These workshops were held in the recently completed printmaking facilities at the Casuarina Campus. The new building was light and airy, specially designed to take advantage of its location. The workshop was run by Dale Flemming, Leon Stainer was the technician. They were later joined by Franck Gohier who was employed as a part-time lecturer after completing his degree in 1992.
These were heady days, Stainer, Gohier and George Watts working closely together, with the common goal of establishing an Indigenous printmaking workshop at the University.
"During these first three or so years it was a challenging, new and exciting period… where we explored many different issues of print-ethics, techniques and mediums to facilitate the collaborative process of printmaking/editioning with Aboriginal artists… We wanted to create prints in collaboration with artists that had as little impact from the printmaker as possible by allowing every autographic mark of the artist to translate to the finished image".
The culmination of these early years was Printabout, 198*, an exhibition of lithographs, etchings and linocut prints by Indigenous artists from the Northern Territory University Art Collection. The inaugural exhibition of Artback NETS NT, it toured nationally to 76 venues. Stainer, Gohier or Watts printed all the 34 works in the exhibition.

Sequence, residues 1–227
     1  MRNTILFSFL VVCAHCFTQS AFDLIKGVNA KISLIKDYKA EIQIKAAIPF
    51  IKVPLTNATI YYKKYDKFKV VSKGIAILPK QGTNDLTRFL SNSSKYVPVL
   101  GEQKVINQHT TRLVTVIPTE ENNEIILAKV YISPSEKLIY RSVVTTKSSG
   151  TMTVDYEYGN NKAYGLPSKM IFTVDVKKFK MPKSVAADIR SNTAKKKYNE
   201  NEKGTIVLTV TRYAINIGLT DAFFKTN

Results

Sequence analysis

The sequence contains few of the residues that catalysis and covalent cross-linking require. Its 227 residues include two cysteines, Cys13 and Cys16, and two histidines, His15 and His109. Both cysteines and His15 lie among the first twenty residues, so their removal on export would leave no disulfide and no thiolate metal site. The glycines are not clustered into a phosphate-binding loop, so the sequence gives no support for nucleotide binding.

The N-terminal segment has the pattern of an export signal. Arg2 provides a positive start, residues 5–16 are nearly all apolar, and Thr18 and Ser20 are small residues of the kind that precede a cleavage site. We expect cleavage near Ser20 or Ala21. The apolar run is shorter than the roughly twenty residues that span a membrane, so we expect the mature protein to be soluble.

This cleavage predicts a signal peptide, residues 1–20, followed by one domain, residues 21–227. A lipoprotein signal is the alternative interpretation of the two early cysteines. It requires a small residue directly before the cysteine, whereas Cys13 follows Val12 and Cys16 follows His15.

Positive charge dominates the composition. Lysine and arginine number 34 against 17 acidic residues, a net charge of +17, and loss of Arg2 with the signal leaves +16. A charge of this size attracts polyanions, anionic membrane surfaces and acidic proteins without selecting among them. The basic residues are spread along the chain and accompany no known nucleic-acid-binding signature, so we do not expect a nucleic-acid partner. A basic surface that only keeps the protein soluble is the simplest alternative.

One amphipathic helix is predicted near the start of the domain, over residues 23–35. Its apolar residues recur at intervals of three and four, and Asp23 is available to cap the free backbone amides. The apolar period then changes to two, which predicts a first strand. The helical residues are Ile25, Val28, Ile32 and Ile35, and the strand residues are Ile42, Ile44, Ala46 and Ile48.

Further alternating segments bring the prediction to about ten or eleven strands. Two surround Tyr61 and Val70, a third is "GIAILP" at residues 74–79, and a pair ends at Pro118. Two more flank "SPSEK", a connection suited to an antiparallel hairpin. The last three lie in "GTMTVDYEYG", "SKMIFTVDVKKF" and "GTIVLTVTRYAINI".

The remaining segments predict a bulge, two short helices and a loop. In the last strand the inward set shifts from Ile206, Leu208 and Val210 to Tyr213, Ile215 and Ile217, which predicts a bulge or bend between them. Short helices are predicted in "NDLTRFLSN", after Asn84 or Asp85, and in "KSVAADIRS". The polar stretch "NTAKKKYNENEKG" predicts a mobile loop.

The national reduction in university funding around 1996 resulted in changes to the running of the print workshop. Some part-time positions were abolished (including those of Gohier and Watts) and the editioning side needed to become more self-sufficient. Basil Hall (from Studio One) was appointed Manager of the “N.T. University print workshop”. Dunart, as the workshop was renamed, began to work more closely with publishers and distributors and retailing. A new name for the workshop - Northern Editions – was suggested and agreed upon in 198*
Red Hand 1997
Red Hand was established by Franck Gohier and Shaun Poustie in 1997 as “an open access studio that offered expert tuition for the community and a professional editioning programme to the numerous Aboriginal communities throughout the Kimberleys, the Tiwi Islands, Arnhem Land and Central Australia”. It was initially located at “Art Space” Coonawarra Rd., Winnellie, moving to a new purpose built studio at Albatross Rd., Winnellie in 1999.